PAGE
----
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Frequently Asked Questions

Q:  What is the difference between the PAAO, the NAAA and ASA aircraft appraisers?

A:  The National Aircraft Appraisers Association (NAAA) ceased operations on 12/31/18.  Technically, there are no members of the NAAA still in existence.  Anyone currently claiming to be an NAAA appraiser is misleading you.

The American Society of Appraisers (ASA) is a large organization that has individuals specializing in a variety of areas.  One of those is heavy machinery and aircraft fall under that category. 

The Professional Aircraft Appraisal Organization, LLC (PAAO) is comprised of individuals who are aviation professionals and who focus exclusively on the evaluation and documentation of aircraft and ONLY aircraft.  Our appraisal process involves field visits to see details about the aircraft and obtain the necessary research that is critical in the overall opinion of value.  In fact, the PAAO is the ONLY aircraft appraisal organization that requires its Associates to perform field visits as a routine part of their reporting efforts.  The result is a more credible and reliable opinion of value because it is based on factual data obtained from field research.

Q:  Why should I hire a PAAO aircraft appraiser?

A:  The answer to this question depends on your goals and objectives.  If the objective is to find the lowest price for an aircraft appraisal that can be completed in the shortest amount of time, then a PAAO Associate may not be the appropriate choice.  On the other hand, if the objective is to obtain a reliable and credible opinion of value, then our Associates are the best choice in this industry because of the research and methodology used in determining their Opinion of Value.  In fact, the PAAO aircraft appraisers are the only professionals in this industry that routinely perform field visits as part of their aircraft appraisal efforts.

Q:  Isn't the PAAO just a "warmed over" version of the NAAA?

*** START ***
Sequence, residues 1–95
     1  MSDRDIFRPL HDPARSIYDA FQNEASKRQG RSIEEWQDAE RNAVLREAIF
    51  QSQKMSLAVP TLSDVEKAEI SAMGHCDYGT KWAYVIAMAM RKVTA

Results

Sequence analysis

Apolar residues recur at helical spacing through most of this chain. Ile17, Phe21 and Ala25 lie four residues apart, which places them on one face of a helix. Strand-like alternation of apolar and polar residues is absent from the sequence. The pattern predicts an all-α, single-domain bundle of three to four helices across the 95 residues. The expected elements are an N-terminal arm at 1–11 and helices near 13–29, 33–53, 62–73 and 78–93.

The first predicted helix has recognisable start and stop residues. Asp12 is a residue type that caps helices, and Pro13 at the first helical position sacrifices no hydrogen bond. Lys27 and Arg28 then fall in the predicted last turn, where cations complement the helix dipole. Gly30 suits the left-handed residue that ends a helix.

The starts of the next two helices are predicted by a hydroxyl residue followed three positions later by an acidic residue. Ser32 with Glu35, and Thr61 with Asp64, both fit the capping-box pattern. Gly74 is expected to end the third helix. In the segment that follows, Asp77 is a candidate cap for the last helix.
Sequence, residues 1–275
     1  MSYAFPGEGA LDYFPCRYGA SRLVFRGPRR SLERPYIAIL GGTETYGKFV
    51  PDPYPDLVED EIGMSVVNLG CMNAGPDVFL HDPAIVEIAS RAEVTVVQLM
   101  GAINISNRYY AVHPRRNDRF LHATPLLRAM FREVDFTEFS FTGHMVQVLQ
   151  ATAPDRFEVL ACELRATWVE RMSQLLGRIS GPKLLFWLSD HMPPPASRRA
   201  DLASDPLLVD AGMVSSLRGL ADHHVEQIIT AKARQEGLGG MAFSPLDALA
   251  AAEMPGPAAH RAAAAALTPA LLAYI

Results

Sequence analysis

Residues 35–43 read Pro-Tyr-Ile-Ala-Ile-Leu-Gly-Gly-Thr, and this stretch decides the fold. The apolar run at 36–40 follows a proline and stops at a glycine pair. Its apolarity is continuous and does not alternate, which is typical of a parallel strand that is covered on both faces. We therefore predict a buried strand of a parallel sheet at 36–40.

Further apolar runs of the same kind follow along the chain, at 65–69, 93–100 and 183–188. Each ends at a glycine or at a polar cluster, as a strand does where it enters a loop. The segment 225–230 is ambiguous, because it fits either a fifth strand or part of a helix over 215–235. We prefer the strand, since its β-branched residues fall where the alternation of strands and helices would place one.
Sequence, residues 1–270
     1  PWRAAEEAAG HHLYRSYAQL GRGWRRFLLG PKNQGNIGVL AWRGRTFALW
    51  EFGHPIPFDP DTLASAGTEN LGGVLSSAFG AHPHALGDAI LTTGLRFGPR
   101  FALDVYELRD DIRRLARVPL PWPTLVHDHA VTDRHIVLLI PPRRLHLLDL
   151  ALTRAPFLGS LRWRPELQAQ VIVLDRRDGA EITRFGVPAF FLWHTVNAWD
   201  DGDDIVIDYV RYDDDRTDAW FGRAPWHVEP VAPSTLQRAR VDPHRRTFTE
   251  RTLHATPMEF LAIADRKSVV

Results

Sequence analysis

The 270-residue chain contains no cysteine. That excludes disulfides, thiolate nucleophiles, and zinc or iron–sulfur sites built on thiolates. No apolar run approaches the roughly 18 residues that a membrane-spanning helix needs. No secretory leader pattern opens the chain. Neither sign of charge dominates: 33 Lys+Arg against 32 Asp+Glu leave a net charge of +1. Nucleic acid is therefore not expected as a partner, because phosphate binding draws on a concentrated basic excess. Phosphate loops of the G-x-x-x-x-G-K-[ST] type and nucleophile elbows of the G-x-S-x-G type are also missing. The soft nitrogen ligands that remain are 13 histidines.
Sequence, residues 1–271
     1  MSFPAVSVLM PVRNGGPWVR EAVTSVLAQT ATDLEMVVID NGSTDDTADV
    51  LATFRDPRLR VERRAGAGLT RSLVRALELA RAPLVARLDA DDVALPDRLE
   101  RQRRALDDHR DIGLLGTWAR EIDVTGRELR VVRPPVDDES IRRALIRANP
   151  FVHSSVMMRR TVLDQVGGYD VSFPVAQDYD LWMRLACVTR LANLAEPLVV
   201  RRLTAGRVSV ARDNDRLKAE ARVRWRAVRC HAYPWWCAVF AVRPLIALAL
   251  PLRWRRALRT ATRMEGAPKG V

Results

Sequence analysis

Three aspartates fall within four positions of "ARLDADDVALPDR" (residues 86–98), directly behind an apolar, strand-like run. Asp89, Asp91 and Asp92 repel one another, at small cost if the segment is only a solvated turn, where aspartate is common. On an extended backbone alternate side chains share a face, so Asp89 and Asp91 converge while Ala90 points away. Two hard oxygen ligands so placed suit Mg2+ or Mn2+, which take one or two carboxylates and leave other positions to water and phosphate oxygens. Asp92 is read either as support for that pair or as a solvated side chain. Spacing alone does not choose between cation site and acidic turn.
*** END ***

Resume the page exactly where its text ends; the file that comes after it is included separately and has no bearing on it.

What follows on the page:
A:  When it was clear that the NAAA was ceasing operations, the Professional Aircraft Appraisal Organization, LLC (PAAO) was formed to continue many of the same aircraft appraisal standards and ethical behavior that the NAAA developed.  As a result, many former NAAA members who were trained, experienced, qualified aircraft appraisers in their own right, elected to become Associates of the PAAO.  However, the PAAO has opened its doors to other individuals who have an interest in becoming aircraft appraisers.  Candidates are welcome to submit their qualifications on our website for review by the board and if accepted, they will be trained and mentored by experienced, aircraft appraisal professionals.

Q: Are PAAO aircraft appraisal reports accurate?

A:  A number of individuals claim their reports are the most "accurate in the industry" - or something to this effect.  However, "accuracy" is not an appropriate metric to use.  For a report to be "accurate" an actual "fact" needs to be in place first - and this is where things get interesting.  The asking price of an aircraft is not a "fact".  Even a negotiated price for an aircraft is not necessarily a "fact" simply because the buyer may have negotiated poorly or even uninformed about specific details of the aircraft - as examples.  As a result, being accurate to an incorrect and somewhat random number is meaningless.  There are a number of aircraft evaluators who built their business model around minimal research and providing results based on a predetermined outcome - unethical as that behavior is.  Those individuals believe accuracy is important.

A more appropriate metric for aircraft appraisal reports is "credibility" and "reliability".  The difference has to do the content of the report and how it relates to the final opinion of value which may be very different than a negotiated price.  For example, field research may uncover damage history or missing log book entries which were not revealed to the buyer prior to the negotiation of the price.  The opinion of value in one of our reports may be inaccurate when compared to the negotiated price but at the same time be very credible in its assessment of the damage or missing entries in the overall valuation of the aircraft.

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